Found 95 Documents across 10 Pages (0.001 seconds)
  1. Military deterrence in history: a pilot cross-historical surveyNaroll, Raoul - , 1974 - 11 Hypotheses

    This book takes a cross-cultural, cross-historical approach to the study of military deterrence. Political, economic, and geographic correlates are considered, particularly military and diplomatic strategy. Several hypotheses are tested and some are supported.

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  2. Maximun settlement size: a compilationNaroll, Raoul - Behavior Science Research, 1974 - 0 Hypotheses

    The purpose of this paper is to consolidate the four available listings of the definitions of settlement size as it is used as a measure of societal complexity. The definitions come from the previously published works of Tatje and Naroll (1970), Naroll and Divale (n.d.), Naroll (1956), and Ember (1963).

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  3. Floor area and settlement populationNaroll, Raoul - American Antiquity, 1962 - 1 Hypotheses

    This paper discusses the relationship between floor area and settlement population.

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  4. Cultural determinants and the concept of the sick societyNaroll, Raoul - Changing Perspectives in Mental Illnesss, 1969 - 1 Hypotheses

    This study explores the concept of "healthy" and "sick" societies. The author considers indicators of stress as correlates of sick and healthy societies and finds that the best indicator of the sickness or healthiness of a society is its suicide rate.

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  5. A preliminary index of social developmentNaroll, Raoul - American Anthropologist, 1956 - 1 Hypotheses

    This article reviews literature on social evolution, urbanization, and their interrelationships before empirically examining the relationship between settlement size and organizational complexity. An index of social development composed of three indicators is introduced, critiqued, and compared to other classification systems.

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  6. Borrowing versus migration as selection factors in cultural evolutionNaroll, Raoul - Journal of Conflict Resolution, 1976 - 1 Hypotheses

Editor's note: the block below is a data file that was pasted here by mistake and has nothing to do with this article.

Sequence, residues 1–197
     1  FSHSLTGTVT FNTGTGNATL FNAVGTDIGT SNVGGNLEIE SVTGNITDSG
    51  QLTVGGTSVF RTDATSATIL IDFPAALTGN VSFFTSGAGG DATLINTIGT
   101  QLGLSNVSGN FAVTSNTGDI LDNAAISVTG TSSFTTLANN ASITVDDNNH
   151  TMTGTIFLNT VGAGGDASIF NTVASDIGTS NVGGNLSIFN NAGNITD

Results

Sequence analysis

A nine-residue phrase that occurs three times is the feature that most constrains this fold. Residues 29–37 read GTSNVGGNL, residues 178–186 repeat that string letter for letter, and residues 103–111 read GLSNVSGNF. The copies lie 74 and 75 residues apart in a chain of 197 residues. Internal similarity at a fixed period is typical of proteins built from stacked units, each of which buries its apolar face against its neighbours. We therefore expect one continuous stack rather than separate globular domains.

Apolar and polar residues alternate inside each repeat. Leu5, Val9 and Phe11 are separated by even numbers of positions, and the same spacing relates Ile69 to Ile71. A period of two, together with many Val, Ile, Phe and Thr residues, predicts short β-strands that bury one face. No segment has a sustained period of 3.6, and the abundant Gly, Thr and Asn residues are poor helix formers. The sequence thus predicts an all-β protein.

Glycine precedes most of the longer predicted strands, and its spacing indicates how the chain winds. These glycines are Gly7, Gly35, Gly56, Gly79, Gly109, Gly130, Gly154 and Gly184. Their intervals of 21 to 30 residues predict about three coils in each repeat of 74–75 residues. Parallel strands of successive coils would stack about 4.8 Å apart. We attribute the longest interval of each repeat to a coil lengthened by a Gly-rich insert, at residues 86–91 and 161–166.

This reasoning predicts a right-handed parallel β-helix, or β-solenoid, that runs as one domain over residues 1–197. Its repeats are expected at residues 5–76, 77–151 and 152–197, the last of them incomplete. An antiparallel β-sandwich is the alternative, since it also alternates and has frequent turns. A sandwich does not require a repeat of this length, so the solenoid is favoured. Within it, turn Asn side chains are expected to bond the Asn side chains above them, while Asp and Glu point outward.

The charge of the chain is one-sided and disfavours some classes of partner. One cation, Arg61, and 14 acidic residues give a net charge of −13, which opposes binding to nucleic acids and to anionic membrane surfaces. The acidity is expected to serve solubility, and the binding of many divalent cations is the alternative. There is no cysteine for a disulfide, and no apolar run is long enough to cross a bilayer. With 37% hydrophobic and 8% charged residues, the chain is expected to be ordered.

This paper investigates two mechanisms of cultural evolution: peaceful diffusion and warlike migration. Two societies, one for each mechanism, were compared to a base society on 11 culture traits. Eight of the 11 traits diffused more readily through peaceful borrowing than through warlike migration. The authors conclude that eliminating warlike migration would slow cultural evolution but that peaceful borrowing is a favored mechanism for culture contact and change.

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  7. Natural selection in cultural evolution: warfare versus peaceful diffusionNaroll, Raoul - American Ethnologist, 1976 - 1 Hypotheses

    Drawing from Social Darwinism theories, this article posits warfare (specifically, military success) as a selective mechanism in the evolution of culture. The hypothesis was not supported.

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  8. Creativity: a cross-historical pilot surveyNaroll, Raoul - Journal of Cross-Cultural Psychology, 1971 - 5 Hypotheses

    This study investigates the causes of creative florescences in certain time periods in certain societies. Wealth, geographical expansion, democratic support, and external challenge were not significant predictors of creative florescence, but political fragmentation shows a correlation with society’s creativity level.

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  9. Thwarting disorientation and suicideNaroll, Raoul - , 1963 - 1 Hypotheses

    This article reviews sociological and psychological explanations of suicide, focusing on a thwarting disorientation theory. This theory posits that a person who commits suicide is likely to have lost social ties and perceived someone to blame for that loss. The author examines seven cultural traits (wife-beating, marriage restrictions, divorce freedom, witchcraft accusation, drunken brawling, defiant homicide, and frequent warfare) that can cause thwarting disorientation.

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  10. Raoul Naroll's Contribution to ArchaeologyPeregrine, Peter N. - Cross-Cultural Research, 1994 - 1 Hypotheses

    An extension of the author's 1993 study, An Archaeological Correlate of War, this study examines the relationship between community permeability and war in the ethnographic record using Naroll's study on household and population as a model with the aim of making inferences to the archaeological record.

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